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Lappeenranta residents are called on to report sightings of blue-green algae blooming, Source: Lappeenranta Municipality

Lappeenranta relies on residents’ attentiveness to report toxic lake algae

Lappeenranta relies on residents’ attentiveness to report toxic lake algae

Where digitization and government resources cannot reach, citizens’ own responsibility is highly appreciated

Finland beckons the visitors in summer with its verdant greens and endless possibilities for getting intimately acquainted with Nordic nature. However, there are hazards there, too. One such is the so-called blue-green algae infestation, which occasionally invades the country’s lakes.

These microorganisms, formally known as cyanobacteria, can actually be quite toxic to humans, as they produce liver or nerve toxins, in addition to compounds that irritate the swimmer’s skin. Finland has its dedicated monitoring service for the presence of the algae, which is updated weekly. The problem is that, a cyanobacteria infestation can develop quite rapidly so the situation on the ground can be volatile and that cannot always be timely reflected on the portal.

The city of Lappeenranta, in South Karelia, has actually called on to its residents to show true civic dedication to public health and assist the administration by making their own reports when they spot a lake blooming with blue-green algae.

Residents can easily record their observations in the Havaintolähetti online portal, through which the the observations are then published in the national algae monitoring website.  Another thing they can (and should do) is report the sightings to the health protection authority. The latter then posts the info on the bulletin boards of swimming beaches and on the websites of municipalities.

Too much shoreline to control

Lappeenranta lies on the shore of Lake Saimaa, which is the largest in Finland. But only saying that it’s the largest does not do it poetic justice. It also contains no less than 14,000 islands and has a total shoreline length of 15,000 kilometres! It’s a wonderful and natural watercourse labyrinth which can take ages to explore, but this is also what makes it hard to constantly monitor all the beaches for algae infestations.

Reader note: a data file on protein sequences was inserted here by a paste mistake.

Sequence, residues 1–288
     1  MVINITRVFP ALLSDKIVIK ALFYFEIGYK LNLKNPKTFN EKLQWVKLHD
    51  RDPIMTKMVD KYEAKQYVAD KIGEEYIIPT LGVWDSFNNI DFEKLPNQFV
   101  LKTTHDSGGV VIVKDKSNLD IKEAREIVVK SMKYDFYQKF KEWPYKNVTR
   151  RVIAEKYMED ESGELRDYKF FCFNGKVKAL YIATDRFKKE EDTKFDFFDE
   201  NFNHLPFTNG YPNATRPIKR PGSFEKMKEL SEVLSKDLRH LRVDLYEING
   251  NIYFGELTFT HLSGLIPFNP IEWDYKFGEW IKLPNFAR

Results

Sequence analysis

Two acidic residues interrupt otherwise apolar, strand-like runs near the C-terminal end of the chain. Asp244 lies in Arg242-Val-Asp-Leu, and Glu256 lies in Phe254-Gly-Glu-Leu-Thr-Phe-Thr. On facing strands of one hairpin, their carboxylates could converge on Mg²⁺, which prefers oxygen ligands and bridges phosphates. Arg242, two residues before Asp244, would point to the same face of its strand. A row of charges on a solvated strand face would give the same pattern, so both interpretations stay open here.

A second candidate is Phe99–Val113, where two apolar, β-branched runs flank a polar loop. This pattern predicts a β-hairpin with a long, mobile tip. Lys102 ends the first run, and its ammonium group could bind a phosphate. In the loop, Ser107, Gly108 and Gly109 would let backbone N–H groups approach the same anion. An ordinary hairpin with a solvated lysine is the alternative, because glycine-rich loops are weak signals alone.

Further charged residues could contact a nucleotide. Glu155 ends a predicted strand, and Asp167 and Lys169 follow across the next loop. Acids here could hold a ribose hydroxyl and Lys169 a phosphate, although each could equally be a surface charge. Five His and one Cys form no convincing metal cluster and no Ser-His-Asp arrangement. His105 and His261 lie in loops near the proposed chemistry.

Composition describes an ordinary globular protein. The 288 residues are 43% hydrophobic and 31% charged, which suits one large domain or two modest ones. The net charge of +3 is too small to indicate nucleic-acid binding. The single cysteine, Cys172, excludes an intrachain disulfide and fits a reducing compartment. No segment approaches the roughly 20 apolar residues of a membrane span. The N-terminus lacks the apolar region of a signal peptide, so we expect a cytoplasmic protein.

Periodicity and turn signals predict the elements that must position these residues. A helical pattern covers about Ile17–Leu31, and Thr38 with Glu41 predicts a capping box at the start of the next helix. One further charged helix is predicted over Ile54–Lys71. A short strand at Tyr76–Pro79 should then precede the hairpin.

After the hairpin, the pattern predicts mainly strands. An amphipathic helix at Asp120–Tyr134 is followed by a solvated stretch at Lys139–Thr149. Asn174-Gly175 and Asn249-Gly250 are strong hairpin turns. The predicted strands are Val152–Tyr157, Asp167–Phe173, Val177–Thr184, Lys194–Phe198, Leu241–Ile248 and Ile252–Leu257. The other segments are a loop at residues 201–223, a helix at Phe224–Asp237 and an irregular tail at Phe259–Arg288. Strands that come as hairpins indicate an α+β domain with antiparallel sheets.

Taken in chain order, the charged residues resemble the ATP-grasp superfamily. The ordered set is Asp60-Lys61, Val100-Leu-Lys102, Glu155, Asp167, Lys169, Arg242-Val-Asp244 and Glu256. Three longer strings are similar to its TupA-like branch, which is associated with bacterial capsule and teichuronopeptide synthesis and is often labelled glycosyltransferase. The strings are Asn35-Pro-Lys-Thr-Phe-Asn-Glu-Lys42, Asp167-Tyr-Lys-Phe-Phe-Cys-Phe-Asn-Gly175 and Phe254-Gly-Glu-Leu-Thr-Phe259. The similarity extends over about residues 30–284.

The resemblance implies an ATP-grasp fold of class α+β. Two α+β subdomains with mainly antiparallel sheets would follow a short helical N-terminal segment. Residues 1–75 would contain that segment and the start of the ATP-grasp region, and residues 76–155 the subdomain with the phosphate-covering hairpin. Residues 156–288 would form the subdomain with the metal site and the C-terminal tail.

Taina Rajala, the health inspector of the Lappeenranta region's environmental action, and Marcella Suomalainen, the environmental engineer of the Imatra region's environmental action, say that the municipal health protection authority that supervises public beaches does not visit the beaches every day to assess the presence of blue-green algae.

It is easy to understand how that would be a mammoth task and so the services do not report on the blue-green algae situation every day. The administrations, together with South Karelia’s Social and Health Care District (Eksote), have thus developed an information package for the residents on the identification and adverse effects of blue-green algae.

The social concern for public health also reminds us that while digital tools are important and helpful features, some things, such as awareness, knowledge, and even testing, should still rely on old-fashioned ways.

The administration has urged would-be swimmers to test the waters for blue-green algae with the following techniques.

The drinking glass test – fill a glass of lake water and let it stand for about an hour, during which time if there is a presence of microscopic blue-green algae they will rise to the surface. The algae do not always rise to the surface but can be visible in the water as tiny green particles.

The stick test is better if you already see accumulation of algae on the lake surface. With a wooden stick you try to lift the algae mass into the air. If the algal mass breaks down into small green particles in the water, rather than cling to the stick in long strands, the algae is blue-green algae.

Beaches, which are experiencing cyanobacteria infestation should be best avoided. Water from them is not recommended even for watering edible plants in the garden.

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